When it transpired that the percentage of Latino and black Americans voting for Donald Trump, or at least voting Republican, had risen in the recent election, another term was coined. It will doubtless become as common and as catchy as “white privilege” or “white fragility”, terms peddled by academic grifters in the elusive pursuit of an original thought and the research fellowship to fund it. This too will prove to be acceptable in polite society despite its intention to cause offence.
Those non-whites that fail to exist within the limitations placed on them by the left are suffering from “multiracial whiteness”. It’s a term that manages to simultaneously diminish their ethnicity and devalue their views. It’s an academic’s way of calling someone a “coconut”. These so-called honorary whites were the subject of Larry Elder’s superb documentary Uncle Tom, released in 2020. Elder is a long-term supporter of the books, politics and philosophy of Sowell and Williams, is a US radio host and attorney who has been subjected to similar attacks over the years.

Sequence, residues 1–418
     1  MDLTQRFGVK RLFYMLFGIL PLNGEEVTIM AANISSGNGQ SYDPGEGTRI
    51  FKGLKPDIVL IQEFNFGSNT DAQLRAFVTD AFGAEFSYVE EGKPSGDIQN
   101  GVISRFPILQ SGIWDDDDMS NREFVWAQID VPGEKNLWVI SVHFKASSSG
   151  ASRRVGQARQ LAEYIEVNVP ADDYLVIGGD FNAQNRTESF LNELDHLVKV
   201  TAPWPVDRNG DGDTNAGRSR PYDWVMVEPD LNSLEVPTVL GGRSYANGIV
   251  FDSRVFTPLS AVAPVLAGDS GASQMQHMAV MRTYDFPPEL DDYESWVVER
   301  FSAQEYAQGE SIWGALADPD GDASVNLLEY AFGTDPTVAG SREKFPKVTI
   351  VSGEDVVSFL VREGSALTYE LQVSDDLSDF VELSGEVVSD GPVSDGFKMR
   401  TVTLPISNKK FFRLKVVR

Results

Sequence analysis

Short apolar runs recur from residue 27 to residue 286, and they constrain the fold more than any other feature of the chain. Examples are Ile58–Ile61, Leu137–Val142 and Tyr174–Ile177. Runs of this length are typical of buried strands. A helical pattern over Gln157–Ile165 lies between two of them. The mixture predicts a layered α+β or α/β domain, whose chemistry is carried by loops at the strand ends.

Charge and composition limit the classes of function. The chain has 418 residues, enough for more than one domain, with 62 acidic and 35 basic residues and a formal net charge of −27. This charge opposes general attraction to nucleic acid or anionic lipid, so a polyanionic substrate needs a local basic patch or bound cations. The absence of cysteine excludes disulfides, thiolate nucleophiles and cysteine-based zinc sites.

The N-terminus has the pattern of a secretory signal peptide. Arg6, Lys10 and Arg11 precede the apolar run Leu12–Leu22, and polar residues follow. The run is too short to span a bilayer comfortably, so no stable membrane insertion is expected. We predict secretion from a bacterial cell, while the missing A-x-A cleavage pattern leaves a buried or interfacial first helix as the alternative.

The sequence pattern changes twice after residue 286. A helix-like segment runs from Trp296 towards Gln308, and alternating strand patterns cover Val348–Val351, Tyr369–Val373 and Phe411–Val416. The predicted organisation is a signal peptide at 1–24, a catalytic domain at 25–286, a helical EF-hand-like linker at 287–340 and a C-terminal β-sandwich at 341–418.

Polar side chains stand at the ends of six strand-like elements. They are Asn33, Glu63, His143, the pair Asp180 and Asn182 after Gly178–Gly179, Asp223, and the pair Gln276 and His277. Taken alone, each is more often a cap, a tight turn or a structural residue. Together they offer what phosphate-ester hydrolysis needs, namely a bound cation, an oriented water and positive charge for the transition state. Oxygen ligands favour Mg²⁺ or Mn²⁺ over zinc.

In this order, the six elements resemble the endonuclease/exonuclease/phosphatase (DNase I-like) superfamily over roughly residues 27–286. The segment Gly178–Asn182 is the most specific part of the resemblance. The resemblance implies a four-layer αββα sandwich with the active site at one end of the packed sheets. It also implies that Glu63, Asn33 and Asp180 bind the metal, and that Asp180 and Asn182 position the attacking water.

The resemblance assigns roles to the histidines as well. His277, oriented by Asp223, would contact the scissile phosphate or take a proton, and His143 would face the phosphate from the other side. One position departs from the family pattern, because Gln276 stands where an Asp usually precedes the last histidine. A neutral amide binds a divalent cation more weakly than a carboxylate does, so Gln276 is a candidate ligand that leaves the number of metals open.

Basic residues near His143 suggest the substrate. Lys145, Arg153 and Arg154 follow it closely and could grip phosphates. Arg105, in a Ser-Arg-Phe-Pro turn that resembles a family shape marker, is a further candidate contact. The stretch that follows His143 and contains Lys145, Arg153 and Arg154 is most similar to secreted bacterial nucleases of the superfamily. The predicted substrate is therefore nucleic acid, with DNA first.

For some, any progress made will never compensate for the grievances of the past
Elder himself is among a line-up of interviewees that includes Candace Owens, businessmen, tradesmen, musicians, politicians and members of the military. All refute the orthodox view that racial disparities are entirely due to systemic racism, something that Sowell first noted decades ago, kicking off with a takedown of affirmative action. It may tick the boxes as government policy, but it doesn’t work in practice.